Volkswagen Group has been fined one billion Euros for cheating diesel emission tests after accepting responsibility for the “diesel crisis” before public prosecutors in Germany.
The fine - equivalent to £880 million - was imposed by the Braunschweig public prosecutor yesterday (June 13) and is one of the highest ever imposed by German authorities against a company.
VW does not plan to appeal the ruling, which came after prosecutors established that the brand had sold more than 10.7 million cars between mid-2007 and 2015 which were fitted with an emissions test defeat device.
“Following thorough examination, Volkswagen AG accepted the fine and it will not lodge an appeal against it,” Volkswagen Group said in a statement.
“Volkswagen AG, by doing so, admits its responsibility for the diesel crisis and considers this as a further major step toward the latter being overcome.”
Volkswagen’s fine by German authorities follows a US 4.3 billion dollar plea agreement settled in the US, back in January, to resolve criminal and civil penalties associated with its diesel emissions cheating across the Atlantic.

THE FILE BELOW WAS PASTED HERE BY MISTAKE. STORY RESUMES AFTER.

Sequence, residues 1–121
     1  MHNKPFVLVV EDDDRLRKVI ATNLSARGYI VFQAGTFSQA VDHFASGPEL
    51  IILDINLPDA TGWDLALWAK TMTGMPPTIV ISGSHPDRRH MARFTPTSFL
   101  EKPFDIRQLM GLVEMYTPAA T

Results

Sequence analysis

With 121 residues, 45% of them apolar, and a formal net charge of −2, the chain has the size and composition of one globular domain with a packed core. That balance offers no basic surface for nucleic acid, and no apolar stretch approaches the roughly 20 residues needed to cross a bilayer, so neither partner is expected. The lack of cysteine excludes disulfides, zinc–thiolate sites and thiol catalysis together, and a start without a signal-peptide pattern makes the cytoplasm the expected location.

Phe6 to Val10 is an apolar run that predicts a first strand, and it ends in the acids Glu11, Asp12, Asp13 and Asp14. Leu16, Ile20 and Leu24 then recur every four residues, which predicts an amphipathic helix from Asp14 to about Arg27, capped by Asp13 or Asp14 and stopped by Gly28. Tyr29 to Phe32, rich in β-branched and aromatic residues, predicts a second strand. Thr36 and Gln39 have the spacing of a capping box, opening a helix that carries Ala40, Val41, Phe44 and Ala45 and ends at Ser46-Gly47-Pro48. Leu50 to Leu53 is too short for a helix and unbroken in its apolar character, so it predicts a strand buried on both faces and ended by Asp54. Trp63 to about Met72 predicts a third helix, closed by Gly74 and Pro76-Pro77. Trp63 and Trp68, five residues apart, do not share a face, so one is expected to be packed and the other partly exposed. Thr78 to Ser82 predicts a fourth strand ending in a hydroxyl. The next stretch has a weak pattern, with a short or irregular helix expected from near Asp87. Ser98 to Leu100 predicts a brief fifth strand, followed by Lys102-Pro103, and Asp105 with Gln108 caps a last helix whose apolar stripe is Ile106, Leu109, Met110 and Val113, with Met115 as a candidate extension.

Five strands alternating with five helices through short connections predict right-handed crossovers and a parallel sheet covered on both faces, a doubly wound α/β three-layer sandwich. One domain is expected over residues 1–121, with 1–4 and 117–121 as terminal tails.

In total, Volkswagen had set aside a sum of 30 billion dollars to cover fixing cars, buying back cars, clean air fines, penalties and compensation in the US, the BBC reported.
Reuters reported that Munich prosecutors had this week widened an emissions cheating probe into Audi to include chief executive Rupert Stadler among the suspects accused of fraud and false advertising.
It said that VW chief executive, Herbert Diess, and the group’s chairman Hans Dieter Poetsch are also still being investigated by Braunschweig prosecutors for suspected market manipulation.
Poetsch, also chief executive of VW’s majority stakeholder Porsche SE (is separately being investigated by prosecutors in Stuttgart over the same suspicions, Reuters reported.